Home | My Profile | Contact Us
Research Trends Products  |   order gateway  |   author gateway  |   editor gateway  
Register | Forgot Password

Author Resources
 Author Gateway
 Article submission guidelines

Editor Resources
 Editor/Referee Gateway

 Regional Subscription Agents/Distributors
Trends in Photochemistry & Photobiology   Volumes    Volume 13 
Effects of ultraviolet A radiation on survival and growth of Gram negative bacteria
Oscar J. Oppezzo, Cristina S. Costa, Ramón A. Pizarro
Pages: 37 - 50
Number of pages: 14
Trends in Photochemistry & Photobiology
Volume 13 

Copyright © 2011 Research Trends. All rights reserved

Ultraviolet A radiation (UVA) exerts a complex action on Gram negative bacteria. Within a variety of cellular components absorbing energy in this wavelength range, flavoproteins and cytochromes of the respiratory chain seem to be the chromophores involved in killing the cell. Damaged components of the respiratory chain would produce hydrogen peroxide and superoxide anion, and these compounds would generate hydroxyl radical, which is likely the main intermediary in the induction of oxidative damage. The identity of the targets remains an open question. For a long time, damage to DNA was considered to be the event leading to cell death, but recently energy depletion due to the inactivation of the respiratory chain has been proposed as an alternative mechanism. At sublethal doses UVA produces, among other effects, a transient inhibition of growth without change in viability. The growth lag is due to the inactivation of some tRNAs, which impairs protein synthesis and triggers the stringent response. A photo-protective function was ascribed to this effect. Global genetic regulators have been implicated in UVA response. The rpoS system has a strong influence on bacterial UVA resistance, probably related to the control of the response to oxidative stress, and the quorum sensing system modifies both lethal and sublethal effects of UVA in Pseudomonas. The current knowledge of the lethal action of UVA in bacteria could be improved by further analysis of the UVA response in a variety of bacterial species.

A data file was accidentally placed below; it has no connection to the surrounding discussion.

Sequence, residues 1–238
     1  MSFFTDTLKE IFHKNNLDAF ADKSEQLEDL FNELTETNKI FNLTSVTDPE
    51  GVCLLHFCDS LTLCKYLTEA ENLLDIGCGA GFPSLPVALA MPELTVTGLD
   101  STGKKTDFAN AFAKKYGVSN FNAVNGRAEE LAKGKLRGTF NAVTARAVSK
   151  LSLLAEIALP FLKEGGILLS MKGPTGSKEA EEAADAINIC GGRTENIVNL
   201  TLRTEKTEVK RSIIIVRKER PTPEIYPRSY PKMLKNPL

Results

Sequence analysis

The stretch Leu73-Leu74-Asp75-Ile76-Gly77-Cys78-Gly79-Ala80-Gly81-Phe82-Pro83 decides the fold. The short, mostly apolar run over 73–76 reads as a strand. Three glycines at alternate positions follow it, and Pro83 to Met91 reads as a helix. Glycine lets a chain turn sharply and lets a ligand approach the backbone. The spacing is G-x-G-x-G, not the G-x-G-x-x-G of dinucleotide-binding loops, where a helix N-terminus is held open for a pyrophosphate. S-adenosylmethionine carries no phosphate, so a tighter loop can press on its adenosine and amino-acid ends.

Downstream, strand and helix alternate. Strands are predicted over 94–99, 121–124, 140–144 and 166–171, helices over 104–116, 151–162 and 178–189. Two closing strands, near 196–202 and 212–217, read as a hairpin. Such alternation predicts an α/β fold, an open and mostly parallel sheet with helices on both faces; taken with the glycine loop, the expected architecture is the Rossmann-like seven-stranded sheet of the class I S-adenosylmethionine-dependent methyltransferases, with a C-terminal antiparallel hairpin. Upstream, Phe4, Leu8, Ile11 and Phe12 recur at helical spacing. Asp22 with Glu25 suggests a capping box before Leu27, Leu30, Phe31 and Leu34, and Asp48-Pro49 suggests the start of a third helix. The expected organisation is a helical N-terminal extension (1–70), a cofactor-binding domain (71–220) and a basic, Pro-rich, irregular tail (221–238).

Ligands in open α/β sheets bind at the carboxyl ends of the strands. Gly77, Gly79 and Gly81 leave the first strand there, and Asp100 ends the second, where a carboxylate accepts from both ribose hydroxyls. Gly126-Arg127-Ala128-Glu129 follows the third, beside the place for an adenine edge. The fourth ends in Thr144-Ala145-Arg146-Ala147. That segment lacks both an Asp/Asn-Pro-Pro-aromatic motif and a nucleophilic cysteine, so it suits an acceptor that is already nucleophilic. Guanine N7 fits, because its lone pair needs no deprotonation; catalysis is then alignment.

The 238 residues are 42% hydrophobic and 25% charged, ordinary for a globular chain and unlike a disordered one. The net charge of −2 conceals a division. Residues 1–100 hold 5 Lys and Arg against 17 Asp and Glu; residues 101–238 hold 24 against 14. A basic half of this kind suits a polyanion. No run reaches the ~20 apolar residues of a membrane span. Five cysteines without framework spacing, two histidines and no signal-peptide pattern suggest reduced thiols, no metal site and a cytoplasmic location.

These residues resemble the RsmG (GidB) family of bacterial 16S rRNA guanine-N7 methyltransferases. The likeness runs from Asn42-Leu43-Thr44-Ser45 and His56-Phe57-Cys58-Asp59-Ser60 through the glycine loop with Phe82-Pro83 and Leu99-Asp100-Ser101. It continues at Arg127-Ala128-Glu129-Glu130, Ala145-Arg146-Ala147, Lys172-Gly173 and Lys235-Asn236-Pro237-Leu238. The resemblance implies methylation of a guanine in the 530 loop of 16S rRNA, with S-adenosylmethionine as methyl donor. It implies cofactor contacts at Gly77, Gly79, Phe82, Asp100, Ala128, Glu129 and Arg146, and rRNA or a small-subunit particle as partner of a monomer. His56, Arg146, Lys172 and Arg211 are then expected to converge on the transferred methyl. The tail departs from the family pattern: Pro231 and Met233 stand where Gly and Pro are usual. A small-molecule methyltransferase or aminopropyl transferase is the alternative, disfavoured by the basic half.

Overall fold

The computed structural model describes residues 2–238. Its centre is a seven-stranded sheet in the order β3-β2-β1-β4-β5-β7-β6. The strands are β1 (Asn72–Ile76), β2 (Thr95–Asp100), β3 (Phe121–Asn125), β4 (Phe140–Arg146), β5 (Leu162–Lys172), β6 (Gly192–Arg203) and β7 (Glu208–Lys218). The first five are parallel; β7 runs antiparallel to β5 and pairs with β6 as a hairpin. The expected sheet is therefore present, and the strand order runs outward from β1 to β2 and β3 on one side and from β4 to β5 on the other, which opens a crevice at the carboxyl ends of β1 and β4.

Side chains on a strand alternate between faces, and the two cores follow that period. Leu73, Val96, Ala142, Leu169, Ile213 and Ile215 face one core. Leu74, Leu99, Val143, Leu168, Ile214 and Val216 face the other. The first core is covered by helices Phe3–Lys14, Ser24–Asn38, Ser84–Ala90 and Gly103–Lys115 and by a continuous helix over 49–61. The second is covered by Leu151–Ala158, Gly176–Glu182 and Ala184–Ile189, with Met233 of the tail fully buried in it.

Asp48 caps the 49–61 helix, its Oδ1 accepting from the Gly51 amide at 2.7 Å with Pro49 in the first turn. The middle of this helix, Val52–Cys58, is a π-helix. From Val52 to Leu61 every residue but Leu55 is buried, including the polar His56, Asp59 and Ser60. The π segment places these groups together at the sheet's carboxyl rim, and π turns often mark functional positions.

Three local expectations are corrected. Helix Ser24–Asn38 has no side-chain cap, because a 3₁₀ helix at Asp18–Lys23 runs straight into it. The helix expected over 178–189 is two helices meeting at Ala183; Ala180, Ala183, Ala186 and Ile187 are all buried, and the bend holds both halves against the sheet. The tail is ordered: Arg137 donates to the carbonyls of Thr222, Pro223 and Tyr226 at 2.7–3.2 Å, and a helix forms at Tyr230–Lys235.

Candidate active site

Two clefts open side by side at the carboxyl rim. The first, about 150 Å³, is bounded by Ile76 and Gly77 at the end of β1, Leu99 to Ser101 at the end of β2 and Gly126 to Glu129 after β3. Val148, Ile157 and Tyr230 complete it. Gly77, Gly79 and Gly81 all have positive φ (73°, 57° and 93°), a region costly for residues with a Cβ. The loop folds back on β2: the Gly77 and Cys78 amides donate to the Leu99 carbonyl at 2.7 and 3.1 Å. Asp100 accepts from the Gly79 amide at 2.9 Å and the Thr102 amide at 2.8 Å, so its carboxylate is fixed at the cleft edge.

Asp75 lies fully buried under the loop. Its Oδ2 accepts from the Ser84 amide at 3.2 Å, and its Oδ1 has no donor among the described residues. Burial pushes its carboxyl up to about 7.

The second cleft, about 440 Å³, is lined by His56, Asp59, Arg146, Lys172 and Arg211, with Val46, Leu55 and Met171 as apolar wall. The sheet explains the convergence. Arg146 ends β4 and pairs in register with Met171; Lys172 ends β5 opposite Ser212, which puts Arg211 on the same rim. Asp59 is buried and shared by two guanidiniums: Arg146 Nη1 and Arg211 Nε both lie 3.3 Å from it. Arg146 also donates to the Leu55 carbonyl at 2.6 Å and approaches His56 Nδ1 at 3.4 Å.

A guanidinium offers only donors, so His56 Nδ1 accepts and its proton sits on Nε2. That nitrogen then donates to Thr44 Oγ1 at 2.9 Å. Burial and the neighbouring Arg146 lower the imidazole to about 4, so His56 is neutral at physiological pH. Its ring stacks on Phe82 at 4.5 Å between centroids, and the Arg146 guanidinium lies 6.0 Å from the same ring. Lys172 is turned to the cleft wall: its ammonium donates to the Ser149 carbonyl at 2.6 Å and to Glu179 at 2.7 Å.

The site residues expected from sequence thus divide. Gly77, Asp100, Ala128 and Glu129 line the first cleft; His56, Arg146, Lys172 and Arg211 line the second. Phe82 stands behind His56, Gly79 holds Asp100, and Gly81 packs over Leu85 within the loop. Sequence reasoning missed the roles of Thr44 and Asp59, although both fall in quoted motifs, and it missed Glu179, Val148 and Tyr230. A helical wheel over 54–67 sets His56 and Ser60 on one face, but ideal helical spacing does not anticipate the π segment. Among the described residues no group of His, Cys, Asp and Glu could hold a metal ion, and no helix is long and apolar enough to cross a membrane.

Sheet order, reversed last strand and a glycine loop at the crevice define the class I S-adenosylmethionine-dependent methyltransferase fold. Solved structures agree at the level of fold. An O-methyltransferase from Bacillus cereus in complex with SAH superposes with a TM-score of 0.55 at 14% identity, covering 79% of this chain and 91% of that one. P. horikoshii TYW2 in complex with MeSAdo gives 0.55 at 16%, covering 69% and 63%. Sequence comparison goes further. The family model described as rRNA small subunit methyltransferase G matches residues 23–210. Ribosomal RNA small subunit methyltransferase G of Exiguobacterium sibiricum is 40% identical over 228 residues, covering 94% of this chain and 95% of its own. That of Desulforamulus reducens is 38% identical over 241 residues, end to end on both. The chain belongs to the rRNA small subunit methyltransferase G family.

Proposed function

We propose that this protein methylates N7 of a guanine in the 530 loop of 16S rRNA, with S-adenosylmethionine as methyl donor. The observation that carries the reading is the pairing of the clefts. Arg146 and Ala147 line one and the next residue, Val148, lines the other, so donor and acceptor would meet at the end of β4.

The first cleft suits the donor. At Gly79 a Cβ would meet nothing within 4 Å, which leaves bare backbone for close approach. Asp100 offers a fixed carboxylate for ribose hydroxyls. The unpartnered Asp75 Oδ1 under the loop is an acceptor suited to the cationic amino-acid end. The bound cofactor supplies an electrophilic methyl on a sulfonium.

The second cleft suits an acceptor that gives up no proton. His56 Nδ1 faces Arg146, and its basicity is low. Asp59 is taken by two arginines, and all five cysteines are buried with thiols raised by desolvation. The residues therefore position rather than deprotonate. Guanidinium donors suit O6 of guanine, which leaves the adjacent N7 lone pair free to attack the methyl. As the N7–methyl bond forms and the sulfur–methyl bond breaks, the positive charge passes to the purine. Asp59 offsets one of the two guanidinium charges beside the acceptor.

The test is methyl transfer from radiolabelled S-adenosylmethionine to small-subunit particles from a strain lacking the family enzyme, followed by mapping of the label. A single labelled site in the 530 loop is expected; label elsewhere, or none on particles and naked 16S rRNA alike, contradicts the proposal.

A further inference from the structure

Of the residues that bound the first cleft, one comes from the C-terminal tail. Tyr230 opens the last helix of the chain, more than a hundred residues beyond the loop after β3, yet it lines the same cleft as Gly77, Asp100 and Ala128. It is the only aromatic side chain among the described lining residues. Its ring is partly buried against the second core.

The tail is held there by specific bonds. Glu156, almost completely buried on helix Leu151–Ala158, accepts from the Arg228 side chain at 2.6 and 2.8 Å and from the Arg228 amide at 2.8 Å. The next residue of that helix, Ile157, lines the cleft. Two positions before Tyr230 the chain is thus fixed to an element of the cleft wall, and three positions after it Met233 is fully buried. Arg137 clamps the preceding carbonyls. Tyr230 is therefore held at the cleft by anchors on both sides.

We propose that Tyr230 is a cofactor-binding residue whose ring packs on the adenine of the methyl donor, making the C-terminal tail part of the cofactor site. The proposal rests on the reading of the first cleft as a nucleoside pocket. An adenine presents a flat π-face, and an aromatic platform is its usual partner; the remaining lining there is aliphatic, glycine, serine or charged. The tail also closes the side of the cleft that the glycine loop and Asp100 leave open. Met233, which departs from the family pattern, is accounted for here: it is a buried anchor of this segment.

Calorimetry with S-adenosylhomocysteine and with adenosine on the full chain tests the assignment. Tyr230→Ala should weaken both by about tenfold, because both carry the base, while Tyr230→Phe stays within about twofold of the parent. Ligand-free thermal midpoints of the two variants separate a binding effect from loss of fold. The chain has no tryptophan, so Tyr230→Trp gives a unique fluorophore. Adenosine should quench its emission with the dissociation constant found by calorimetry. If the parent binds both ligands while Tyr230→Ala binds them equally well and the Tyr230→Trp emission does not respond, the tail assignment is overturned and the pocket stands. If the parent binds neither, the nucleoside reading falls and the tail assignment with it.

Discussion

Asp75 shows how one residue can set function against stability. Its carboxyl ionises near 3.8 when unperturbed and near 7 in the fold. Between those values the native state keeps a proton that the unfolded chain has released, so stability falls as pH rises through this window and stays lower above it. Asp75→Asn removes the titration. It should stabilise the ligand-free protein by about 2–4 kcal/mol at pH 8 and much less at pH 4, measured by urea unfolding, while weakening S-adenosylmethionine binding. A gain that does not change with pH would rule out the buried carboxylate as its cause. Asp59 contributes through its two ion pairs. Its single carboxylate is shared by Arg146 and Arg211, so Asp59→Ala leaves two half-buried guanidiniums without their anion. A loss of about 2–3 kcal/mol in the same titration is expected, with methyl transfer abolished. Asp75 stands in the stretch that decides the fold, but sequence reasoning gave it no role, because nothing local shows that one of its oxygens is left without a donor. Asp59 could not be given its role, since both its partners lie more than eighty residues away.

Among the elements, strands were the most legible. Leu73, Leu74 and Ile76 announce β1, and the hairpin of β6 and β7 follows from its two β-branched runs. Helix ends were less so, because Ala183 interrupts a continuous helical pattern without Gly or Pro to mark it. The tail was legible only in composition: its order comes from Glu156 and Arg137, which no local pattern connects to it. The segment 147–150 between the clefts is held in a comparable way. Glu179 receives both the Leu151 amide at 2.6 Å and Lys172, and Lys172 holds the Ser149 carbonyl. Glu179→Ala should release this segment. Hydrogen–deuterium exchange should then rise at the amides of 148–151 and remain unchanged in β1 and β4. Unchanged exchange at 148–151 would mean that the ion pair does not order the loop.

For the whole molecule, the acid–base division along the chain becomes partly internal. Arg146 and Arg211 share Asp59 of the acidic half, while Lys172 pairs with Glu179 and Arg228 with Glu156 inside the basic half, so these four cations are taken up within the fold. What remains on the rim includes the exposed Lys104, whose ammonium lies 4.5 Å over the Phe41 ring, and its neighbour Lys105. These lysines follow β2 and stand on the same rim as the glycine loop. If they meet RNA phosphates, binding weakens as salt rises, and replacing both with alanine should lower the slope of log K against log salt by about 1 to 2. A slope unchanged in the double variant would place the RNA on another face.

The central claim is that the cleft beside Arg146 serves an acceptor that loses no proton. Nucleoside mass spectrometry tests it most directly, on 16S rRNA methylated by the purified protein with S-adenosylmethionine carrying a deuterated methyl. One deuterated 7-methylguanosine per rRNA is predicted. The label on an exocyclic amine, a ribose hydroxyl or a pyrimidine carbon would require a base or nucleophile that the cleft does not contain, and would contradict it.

View Full Article  


Buy this article
Buy this volume
Subscribe to this title
Shopping Cart

Quick Links
Search Products
Browse in Alphabetical Order : Journals
Browse by Subject Classification : Journals

Ordering Information Ordering Information
Downloadable forms Downloadable Forms